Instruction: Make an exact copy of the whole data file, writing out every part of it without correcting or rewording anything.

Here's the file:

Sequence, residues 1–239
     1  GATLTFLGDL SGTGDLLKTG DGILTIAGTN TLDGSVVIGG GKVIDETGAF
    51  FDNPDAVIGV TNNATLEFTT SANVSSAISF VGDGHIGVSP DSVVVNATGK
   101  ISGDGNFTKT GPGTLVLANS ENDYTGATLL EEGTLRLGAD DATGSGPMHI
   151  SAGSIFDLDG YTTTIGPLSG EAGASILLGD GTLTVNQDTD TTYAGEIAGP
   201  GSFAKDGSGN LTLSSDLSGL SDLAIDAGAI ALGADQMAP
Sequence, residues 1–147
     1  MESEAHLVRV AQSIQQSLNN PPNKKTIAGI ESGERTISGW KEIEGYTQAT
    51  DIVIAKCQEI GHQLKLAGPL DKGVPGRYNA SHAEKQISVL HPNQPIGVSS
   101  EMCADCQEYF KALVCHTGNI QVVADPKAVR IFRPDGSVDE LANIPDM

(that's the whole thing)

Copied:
Sequence, residues 1–239
     1  GATLTFLGDL SGTGDLLKTG DGILTIAGTN TLDGSVVIGG GKVIDETGAF
    51  FDNPDAVIGV TNNATLEFTT SANVSSAISF VGDGHIGVSP DSVVVNATGK
   101  ISGDGNFTKT GPGTLVLANS ENDYTGATLL EEGTLRLGAD DATGSGPMHI
   151  SAGSIFDLDG YTTTIGPLSG EAGASILLGD GTLTVNQDTD TTYAGEIAGP
   201  GSFAKDGSGN LTLSSDLSGL SDLAIDAGAI ALGADQMAP
Sequence, residues 1–147
     1  MESEAHLVRV AQSIQQSLNN PPNKKTIAGI ESGERTISGW KEIEGYTQAT
    51  DIVIAKCQEI GHQLKLAGPL DKGVPGRYNA SHAEKQISVL HPNQPIGVSS
   101  EMCADCQEYF KALVCHTGNI QVVADPKAVR IFRPDGSVDE LANIPDM